I secretly choked on a piece of bone. I’d choke on it for hours and learn to ignore it. Samantha had a pyramid of noodles and other colorful things and a huge bowl of white rice sat on the edge of the small table. I told her I wanted to throw rice at her.
My crazy fish tasted like butter and spices. We shared crazy fish and noodles. Ravi Shankar played a sitar in the background. Samantha took out her camera. I put on the blinders, hands at my eyes. She took a picture, careful to get the both of us in frame.
We ate, we laughed, and we told stories. She had dated some interesting men. I had dated some interesting women. My beak was sweating. Samantha pointed this out.
“I know,” I said. “My nose sweats when I’m drinking.”
“I think it’s cute.”
“I think you’re cute.”
Then the room got very loud and I had to yell. Samantha had to yell. Then the room got very quiet.
“Is it empty now?” I asked.
“Yes, kind of.”
Our food was shredded and scattered about the table. We sipped our drinks. Samantha’s wine glass was very delicate, the stem long and thin. We pooled our collective wisdom garnered from insane relationships. We knew what we liked and we knew what we didn’t like. We knew that we liked each other. The check came.
“I got this one, my little monkey,” I said.
Samantha frowned and looked pretty but she ended up covering the tip. She was an easy feminist. I liked that. Girly but strong, opinionated but open to new ideas. We said “Thanks” to the wait-staff and they said “Thanks” back and we went outside.
Standing on the sidewalk, we lit cigarettes.
“That was awesome.”
“That was awesome.”
“What now?” I asked.
“Let’s go this way.”
We walked arm in arm back the way we came. Samantha had seen a bar up the road. It was Friday night and the Celtics were playing the Knicks at Madison Square Garden. It was close to ten o’clock. We could catch the end of the game and cuddle in a booth. I liked this idea. We smiled and held hands as we walked.
“What do you think?” I asked.
Samantha considered the question. Then she said, “It’s alright. I think I might’ve done things a bit different, though.”
“Oh yeah? Like what?”
“Maybe put in more of our conversations.”
I nodded slowly. “Yeah. You’re probably right. I was having a hard time just getting through this.”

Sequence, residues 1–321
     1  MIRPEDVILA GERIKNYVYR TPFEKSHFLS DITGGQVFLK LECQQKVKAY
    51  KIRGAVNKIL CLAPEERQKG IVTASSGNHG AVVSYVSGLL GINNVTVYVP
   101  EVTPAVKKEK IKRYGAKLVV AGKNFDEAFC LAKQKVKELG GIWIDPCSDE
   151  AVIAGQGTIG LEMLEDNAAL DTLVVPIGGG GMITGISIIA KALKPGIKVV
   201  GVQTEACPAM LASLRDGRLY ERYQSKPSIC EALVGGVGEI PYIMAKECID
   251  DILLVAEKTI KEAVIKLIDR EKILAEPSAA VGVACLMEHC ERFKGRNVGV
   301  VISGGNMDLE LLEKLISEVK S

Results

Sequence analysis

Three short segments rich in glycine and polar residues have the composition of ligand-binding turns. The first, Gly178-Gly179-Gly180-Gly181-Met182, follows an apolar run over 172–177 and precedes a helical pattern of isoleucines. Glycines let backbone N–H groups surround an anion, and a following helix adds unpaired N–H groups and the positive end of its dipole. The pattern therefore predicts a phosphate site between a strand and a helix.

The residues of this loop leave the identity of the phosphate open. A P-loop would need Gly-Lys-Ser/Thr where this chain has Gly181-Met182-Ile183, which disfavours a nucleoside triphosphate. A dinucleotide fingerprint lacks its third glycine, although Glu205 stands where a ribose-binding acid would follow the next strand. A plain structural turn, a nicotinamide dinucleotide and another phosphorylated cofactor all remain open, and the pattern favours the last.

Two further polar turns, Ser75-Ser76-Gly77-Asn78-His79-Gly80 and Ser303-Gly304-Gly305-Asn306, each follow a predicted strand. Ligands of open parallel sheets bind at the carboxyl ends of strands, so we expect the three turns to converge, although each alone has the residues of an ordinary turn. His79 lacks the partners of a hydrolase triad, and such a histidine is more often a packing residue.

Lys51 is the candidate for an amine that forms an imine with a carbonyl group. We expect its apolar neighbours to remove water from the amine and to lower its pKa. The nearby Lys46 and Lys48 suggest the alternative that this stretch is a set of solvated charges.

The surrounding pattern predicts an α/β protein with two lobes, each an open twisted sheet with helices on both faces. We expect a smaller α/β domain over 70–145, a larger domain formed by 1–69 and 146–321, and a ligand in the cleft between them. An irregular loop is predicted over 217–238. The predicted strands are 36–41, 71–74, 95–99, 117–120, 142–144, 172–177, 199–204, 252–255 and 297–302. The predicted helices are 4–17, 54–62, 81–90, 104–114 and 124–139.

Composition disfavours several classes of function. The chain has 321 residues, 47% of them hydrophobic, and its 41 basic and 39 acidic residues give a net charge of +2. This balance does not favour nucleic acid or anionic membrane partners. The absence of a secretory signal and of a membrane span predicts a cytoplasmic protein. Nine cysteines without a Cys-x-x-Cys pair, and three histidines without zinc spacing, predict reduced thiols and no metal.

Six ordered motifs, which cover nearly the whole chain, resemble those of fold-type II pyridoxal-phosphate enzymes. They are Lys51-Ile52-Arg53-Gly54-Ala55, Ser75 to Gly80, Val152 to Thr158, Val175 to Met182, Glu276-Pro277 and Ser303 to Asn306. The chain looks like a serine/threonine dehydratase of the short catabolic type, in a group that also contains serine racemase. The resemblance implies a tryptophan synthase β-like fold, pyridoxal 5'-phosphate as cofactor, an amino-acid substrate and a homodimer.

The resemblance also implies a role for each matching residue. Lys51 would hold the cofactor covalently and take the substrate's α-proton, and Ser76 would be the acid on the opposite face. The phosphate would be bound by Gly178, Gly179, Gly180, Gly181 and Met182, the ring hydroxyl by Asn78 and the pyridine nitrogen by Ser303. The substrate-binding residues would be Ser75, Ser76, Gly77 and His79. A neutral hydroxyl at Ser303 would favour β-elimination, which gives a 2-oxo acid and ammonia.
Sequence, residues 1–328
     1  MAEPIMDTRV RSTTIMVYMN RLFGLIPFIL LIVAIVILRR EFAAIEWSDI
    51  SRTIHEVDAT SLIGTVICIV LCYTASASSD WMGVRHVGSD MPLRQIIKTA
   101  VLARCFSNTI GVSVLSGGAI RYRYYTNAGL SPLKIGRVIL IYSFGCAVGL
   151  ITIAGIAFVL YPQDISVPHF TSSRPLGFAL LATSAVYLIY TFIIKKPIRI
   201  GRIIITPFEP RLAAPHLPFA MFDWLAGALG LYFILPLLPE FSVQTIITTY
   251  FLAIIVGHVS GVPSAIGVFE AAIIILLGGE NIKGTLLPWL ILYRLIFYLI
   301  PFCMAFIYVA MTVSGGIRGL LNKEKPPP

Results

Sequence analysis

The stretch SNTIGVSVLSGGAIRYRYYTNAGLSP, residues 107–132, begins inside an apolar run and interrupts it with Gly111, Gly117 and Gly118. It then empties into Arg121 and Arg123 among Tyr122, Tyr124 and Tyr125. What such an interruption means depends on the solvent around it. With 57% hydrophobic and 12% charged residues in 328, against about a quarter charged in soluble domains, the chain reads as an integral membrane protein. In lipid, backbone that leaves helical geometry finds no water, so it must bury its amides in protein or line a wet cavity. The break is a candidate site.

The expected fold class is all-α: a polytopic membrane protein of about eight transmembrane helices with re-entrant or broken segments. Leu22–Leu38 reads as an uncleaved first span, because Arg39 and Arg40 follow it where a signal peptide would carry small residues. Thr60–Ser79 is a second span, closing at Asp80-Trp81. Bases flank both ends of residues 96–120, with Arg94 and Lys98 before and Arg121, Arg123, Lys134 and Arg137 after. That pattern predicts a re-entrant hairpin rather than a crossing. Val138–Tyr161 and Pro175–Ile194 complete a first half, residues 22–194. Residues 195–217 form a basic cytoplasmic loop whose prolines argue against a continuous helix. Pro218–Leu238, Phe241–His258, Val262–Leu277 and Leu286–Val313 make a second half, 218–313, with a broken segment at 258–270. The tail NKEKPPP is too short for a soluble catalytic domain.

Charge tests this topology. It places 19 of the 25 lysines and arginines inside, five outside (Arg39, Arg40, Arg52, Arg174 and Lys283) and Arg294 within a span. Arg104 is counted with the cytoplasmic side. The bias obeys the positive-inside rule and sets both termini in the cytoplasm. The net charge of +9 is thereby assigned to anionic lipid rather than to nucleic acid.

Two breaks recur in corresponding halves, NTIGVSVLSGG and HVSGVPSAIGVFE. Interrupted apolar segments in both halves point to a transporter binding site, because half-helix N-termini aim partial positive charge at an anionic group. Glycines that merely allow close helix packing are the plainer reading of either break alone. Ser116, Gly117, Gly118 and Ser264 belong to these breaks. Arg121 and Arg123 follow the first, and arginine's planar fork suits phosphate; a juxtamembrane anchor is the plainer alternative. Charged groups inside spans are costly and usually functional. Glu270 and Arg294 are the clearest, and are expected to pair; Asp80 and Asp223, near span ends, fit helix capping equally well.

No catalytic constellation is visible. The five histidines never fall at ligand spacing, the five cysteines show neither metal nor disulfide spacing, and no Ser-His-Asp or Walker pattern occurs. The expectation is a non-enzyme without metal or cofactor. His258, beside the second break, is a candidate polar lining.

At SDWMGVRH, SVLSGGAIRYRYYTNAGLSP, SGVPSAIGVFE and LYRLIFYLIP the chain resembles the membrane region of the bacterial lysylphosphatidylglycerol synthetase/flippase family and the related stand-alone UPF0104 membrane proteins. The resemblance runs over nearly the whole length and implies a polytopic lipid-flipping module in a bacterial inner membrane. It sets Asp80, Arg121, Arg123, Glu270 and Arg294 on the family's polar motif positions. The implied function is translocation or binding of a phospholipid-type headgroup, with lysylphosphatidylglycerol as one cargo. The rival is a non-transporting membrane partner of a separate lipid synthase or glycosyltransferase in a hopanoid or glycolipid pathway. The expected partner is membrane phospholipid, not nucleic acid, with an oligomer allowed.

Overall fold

“Probably right? You know I’m fucking right.”
She was beautiful. I felt like such a slug again.
“Okay. You’re right.”
She elbowed me playfully in the ribs. I wrapped her in my arms and we kissed. Our faces close, she whispered, “End this piece of garbage already, my love. Take me to five.”
And she was right; she was so right. I could see it all over her face, her body. Samantha was right. Samantha was right in ways that I didn’t even know yet. We closed our eyes and we kissed. Car horns honked, people screamed, children ran from us in a mixture of terror and awe. My eyes closed and our foreheads pressed together I whispered,
“Shhh. Take me to five, David. Take me to five.”
Her voice was soothing. It stopped me from being the bumbling moron into which I was fast disintegrating. I nodded and collected myself, my thoughts. I opened my eyes. Samantha was looking right at me, right into my brain and then beyond. I tried to match her power. But I was still weak.
“Five?” I asked.
“Okay. Are you ready for five?”
She nodded quickly. “Yes. I think so.”
“I won’t make it bad, I promise.”
Her eyes were nervous and searching. She would do some interesting things in five, things that even I wouldn’t remember very well. I touched her cheek and then kissed it. I was getting stronger now. Samantha needed me to be strong. At her ear, I whispered,
“We’ll be fine.”
And with bellies full of wine and whiskey and fish and noodles and rice, we made our way down the sidewalk toward five, the number of chaos, and our heads were held high and we were together and our fingers were interlaced, and my beak was still sweating, and Samantha looked beautiful, and nothing could harm us. The lampposts were jealous as we glided by.
Mel Bosworth lives and breathes in Western Massachusetts, where he finds much joy in the little things. His work has appeared or is forthcoming in Word Riot, elimae, Blue Print Review, The Stray Branch, and Mud Luscious, among others. Please visit his website, eddiesocko.blogspot.com.